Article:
Houston Chronicle: Border Debate Can’t Happen Under Threat of Another Shutdown
By Veronica Escobar
Attempting to negotiate “border security” during a government shutdown, while hundreds of thousands of federal employees and their families struggled to stay afloat and communities were left reeling from the economic impact, was not only contrary to the democratic process, but it also all but guaranteed a terrible outcome for immigrants and the border.
Border communities like mine have always been at the epicenter of the “border security” debate. But ask policymakers how you measure what a “secure border” looks like and you’ll get radically different opinions. If there isn’t even agreement on how to define security at the border, how is addressing it during a shutdown even possible? The same goes for an issue as difficult to tackle as immigration reform.
For President Donald Trump, the border debate has been about one thing: a promise he made to his base that he is determined to fulfill.
For the last two years Republicans have controlled the House, Senate and White House. Why didn’t they build a wall when they had an iron grip on the executive and legislative branches?
Trump frequently mentions opioid addiction and the flow of drugs from Mexico. But as has been repeated numerous times, most drugs come through our ports of entry. A wall won’t stop them.
The president also points to the thousands of Central Americans seeking asylum who arrive at our border each month — a trend that began more than four years ago. A wall does nothing to address that. Anyone who’s set foot on our southern border and seen our current wall knows it is built yards away from the official U.S.-Mexico line, allowing asylum seekers to arrive at our doorstep after setting foot on American soil and literally walk up to our federal agents standing at the wall.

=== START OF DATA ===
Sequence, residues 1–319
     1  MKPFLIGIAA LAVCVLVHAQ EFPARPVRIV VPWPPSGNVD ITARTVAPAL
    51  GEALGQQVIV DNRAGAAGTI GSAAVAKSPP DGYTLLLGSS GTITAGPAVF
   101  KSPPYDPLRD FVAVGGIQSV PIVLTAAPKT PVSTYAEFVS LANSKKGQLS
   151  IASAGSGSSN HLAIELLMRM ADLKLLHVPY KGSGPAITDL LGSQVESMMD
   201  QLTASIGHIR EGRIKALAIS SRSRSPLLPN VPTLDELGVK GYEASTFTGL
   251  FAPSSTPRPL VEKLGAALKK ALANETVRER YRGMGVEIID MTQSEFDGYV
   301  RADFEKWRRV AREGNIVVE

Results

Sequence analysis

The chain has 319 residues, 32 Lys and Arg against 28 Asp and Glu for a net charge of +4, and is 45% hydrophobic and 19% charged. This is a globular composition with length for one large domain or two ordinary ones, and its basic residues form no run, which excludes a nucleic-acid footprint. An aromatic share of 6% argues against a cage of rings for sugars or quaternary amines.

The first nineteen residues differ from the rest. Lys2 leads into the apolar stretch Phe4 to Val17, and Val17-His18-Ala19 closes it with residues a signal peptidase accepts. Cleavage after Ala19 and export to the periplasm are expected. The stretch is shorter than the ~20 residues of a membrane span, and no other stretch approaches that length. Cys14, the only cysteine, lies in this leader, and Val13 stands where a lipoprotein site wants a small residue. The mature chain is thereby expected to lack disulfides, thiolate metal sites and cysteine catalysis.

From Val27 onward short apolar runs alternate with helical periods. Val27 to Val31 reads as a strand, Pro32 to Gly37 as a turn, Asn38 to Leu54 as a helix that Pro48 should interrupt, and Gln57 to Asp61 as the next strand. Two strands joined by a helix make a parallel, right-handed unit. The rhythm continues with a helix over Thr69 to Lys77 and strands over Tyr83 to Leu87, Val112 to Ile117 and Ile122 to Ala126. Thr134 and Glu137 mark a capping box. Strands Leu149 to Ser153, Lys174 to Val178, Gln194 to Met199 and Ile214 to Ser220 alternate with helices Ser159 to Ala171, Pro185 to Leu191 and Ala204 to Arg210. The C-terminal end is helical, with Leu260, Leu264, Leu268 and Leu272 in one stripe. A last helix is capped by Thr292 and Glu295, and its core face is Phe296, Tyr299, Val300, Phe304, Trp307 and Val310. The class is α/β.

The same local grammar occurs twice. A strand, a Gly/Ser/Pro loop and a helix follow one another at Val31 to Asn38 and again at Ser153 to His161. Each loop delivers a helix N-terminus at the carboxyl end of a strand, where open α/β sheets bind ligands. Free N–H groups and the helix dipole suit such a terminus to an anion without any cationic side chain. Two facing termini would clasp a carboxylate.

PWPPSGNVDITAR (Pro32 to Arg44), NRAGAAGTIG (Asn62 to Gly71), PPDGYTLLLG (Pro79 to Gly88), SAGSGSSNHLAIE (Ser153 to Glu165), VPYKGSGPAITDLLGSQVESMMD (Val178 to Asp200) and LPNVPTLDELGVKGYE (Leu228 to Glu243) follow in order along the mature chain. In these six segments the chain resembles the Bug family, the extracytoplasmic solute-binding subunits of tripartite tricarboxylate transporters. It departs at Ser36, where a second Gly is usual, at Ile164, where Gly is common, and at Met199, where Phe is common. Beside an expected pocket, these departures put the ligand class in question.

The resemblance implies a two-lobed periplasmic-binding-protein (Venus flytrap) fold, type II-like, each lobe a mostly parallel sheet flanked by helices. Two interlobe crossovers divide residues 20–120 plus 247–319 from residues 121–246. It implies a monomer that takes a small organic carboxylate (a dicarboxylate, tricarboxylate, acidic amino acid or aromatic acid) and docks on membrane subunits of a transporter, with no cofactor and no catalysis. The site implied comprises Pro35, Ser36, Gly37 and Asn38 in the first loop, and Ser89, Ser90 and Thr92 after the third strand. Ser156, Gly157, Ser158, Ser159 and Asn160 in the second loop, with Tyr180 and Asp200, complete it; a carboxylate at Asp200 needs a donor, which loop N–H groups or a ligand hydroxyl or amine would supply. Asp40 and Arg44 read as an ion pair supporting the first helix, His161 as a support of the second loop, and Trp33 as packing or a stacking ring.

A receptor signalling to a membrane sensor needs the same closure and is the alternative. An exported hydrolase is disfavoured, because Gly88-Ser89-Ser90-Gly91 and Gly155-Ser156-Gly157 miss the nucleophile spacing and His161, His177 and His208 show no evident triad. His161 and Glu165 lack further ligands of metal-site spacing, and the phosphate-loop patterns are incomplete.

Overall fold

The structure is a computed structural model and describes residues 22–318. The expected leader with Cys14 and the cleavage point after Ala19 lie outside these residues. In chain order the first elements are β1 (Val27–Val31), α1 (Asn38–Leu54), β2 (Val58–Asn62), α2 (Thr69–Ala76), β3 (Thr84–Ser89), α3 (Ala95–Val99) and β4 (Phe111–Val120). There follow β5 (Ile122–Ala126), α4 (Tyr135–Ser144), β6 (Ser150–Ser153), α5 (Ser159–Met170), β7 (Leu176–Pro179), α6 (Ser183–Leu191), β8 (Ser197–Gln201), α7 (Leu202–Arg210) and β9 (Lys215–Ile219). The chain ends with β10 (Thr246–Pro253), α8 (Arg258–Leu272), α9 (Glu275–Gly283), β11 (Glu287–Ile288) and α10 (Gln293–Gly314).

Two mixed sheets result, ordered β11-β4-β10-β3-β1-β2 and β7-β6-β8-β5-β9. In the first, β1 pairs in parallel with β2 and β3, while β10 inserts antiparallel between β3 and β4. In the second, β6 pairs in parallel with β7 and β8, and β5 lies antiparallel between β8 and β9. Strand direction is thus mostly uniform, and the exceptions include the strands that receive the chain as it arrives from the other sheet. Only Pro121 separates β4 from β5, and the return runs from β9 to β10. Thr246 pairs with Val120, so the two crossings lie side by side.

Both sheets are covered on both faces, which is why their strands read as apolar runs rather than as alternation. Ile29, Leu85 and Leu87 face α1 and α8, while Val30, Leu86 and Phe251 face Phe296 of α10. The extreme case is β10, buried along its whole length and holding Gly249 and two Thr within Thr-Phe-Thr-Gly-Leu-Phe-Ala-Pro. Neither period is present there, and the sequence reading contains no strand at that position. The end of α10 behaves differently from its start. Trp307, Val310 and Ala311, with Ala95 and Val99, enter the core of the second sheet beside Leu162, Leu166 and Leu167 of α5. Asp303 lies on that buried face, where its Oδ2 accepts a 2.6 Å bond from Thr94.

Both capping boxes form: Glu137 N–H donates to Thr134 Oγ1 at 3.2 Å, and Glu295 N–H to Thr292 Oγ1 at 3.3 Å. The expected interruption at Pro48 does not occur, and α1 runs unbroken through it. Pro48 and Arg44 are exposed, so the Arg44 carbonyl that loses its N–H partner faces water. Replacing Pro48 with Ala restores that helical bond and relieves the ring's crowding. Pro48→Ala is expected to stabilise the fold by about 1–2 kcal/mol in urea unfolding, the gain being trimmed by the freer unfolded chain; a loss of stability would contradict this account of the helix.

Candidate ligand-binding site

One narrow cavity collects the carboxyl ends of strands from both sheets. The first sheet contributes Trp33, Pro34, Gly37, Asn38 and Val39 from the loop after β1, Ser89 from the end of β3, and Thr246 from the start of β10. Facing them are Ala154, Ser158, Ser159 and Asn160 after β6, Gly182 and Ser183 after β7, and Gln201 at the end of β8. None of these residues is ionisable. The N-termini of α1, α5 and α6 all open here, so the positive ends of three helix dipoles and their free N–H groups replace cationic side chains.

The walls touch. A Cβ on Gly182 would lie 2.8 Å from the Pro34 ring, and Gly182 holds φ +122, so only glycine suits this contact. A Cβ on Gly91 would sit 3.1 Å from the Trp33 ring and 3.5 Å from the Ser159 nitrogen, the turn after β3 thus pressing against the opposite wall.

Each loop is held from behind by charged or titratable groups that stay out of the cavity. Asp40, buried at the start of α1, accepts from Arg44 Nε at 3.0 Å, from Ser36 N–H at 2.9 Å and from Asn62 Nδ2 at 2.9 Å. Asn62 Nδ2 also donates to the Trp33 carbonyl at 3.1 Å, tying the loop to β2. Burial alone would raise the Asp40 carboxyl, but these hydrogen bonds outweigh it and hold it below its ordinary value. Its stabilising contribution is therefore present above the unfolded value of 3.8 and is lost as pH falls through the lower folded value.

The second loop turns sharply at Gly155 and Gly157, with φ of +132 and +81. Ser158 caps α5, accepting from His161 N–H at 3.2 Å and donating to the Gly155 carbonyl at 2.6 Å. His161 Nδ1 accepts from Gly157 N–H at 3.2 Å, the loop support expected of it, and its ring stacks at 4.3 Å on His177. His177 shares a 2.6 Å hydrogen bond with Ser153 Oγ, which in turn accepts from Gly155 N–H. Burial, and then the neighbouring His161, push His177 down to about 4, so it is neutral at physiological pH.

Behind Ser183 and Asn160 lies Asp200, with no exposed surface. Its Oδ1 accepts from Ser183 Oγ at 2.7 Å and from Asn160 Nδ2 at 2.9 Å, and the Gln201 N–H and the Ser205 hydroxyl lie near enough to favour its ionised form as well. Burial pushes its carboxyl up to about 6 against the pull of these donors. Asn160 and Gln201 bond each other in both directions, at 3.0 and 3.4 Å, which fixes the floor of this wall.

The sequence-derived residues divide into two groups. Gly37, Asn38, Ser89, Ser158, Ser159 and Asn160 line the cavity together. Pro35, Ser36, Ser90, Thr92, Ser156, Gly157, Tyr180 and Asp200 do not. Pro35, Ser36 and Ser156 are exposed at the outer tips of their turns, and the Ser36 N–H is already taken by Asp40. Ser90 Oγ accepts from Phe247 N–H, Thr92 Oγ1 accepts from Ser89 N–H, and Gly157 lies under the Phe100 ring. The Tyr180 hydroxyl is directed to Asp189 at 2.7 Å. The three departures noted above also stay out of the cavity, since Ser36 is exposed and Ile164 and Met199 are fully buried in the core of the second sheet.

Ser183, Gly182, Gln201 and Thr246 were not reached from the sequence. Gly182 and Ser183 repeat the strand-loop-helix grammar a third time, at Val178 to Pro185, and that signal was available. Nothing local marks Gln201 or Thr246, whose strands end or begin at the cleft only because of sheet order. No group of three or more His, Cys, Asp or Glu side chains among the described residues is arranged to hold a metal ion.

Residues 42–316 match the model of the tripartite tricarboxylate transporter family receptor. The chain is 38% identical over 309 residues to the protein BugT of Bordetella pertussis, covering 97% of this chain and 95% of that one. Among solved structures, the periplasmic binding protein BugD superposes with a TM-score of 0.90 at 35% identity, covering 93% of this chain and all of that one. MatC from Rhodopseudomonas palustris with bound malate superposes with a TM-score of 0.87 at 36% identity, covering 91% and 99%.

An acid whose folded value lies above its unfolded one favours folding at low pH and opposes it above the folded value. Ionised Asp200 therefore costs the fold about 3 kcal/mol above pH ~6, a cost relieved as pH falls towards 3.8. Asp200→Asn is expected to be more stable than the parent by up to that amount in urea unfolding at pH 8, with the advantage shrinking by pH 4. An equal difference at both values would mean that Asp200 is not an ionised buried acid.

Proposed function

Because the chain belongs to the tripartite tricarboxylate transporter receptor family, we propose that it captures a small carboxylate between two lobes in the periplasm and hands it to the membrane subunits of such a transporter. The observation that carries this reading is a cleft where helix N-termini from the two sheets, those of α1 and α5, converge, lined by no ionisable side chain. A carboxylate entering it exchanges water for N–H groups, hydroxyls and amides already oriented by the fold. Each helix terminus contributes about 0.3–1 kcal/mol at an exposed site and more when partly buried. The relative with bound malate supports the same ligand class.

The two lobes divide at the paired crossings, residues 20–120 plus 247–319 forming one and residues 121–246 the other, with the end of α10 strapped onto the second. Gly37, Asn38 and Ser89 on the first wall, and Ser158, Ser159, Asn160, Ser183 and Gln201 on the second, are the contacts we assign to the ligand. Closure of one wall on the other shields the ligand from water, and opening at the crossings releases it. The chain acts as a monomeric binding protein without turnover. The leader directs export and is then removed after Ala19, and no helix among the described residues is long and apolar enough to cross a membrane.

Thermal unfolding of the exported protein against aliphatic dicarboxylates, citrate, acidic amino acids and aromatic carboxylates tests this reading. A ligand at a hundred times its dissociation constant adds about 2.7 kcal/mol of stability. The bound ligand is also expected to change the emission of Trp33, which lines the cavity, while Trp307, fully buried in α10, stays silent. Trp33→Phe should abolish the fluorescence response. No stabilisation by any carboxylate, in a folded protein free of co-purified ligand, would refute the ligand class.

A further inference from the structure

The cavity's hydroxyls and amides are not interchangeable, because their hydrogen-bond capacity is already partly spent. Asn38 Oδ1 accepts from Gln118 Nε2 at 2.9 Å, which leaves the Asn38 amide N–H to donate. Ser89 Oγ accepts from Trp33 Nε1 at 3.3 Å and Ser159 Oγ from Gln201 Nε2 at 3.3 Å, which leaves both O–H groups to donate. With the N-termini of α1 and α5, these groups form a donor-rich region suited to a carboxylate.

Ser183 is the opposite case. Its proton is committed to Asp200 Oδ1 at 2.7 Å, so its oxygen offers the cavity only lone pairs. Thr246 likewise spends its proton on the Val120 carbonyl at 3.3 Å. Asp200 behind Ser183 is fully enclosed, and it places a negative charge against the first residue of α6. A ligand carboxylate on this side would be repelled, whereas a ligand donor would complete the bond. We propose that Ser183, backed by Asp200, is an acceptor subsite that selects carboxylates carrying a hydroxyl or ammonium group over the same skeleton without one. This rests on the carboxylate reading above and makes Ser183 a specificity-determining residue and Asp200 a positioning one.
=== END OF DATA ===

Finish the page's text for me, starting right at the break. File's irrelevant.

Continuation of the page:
I will be the first to agree that we must address the Central American asylum issue; it is indeed unsustainable. Stemming that flow will take a long-term plan, significant investment and serious engagement. Progress won’t happen overnight, and we’ve yet to hear the president lay out a plan for that.
Most of these migrant families do not want to leave their home country, but desperation for safety and security gives them no other option. Sitting on our hands, threatening to pull funding from Central American nations, and not engaging in any meaningful way only guarantees that as the weather warms up, we will see even more families running for their lives. And when they arrive at our doorstep, on the southern border, we must abide by the law in the most humane way possible.
Before agreeing on a deal to temporarily reopen the federal government, Trump offered to exchange one set of hostages for another by again enabling Central Americans to seek asylum in their home countries after he previously eliminated that option. He offered to reunite families after his administration separated them. And, in a final insult, he offered to provide a temporary respite for Deferred Action for Childhood Arrivals and Temporary Protected Status recipients whose protected status he removed.
True immigration solutions include a path to citizenship for DACA and TPS recipients whose ties to our country enrich our communities. They also include reforming our outdated asylum standards and realizing that migration evolves. We must work with everyone — human rights and legal advocates, CEOs and farmers, small business owners and local governments — to begin the long-overdue discussion about immigration and how to best address our workforce needs as well as bring millions of people out of the shadows. Investment should flow to our ports, and the Department of Homeland Security should be audited and held accountable. All of that, too, will take time.
Should those conversations happen during a government shutdown? Absolutely not.
Believe me, members of my border community continue to hurt because of the negative effects of the Trump shutdown. Our immigration advocates have been waiting a long time for this discussion. But it deserves sober, thoughtful and honest debate. And never again — as one federal employee described to me — a decision made only because the president has a knife at our employees’ throats.
This wasn’t about securing the border. It was about the president securing his base.
Escobar is a Democratic representative from Texas’ 16th congressional district that serves El Paso and surrounding area.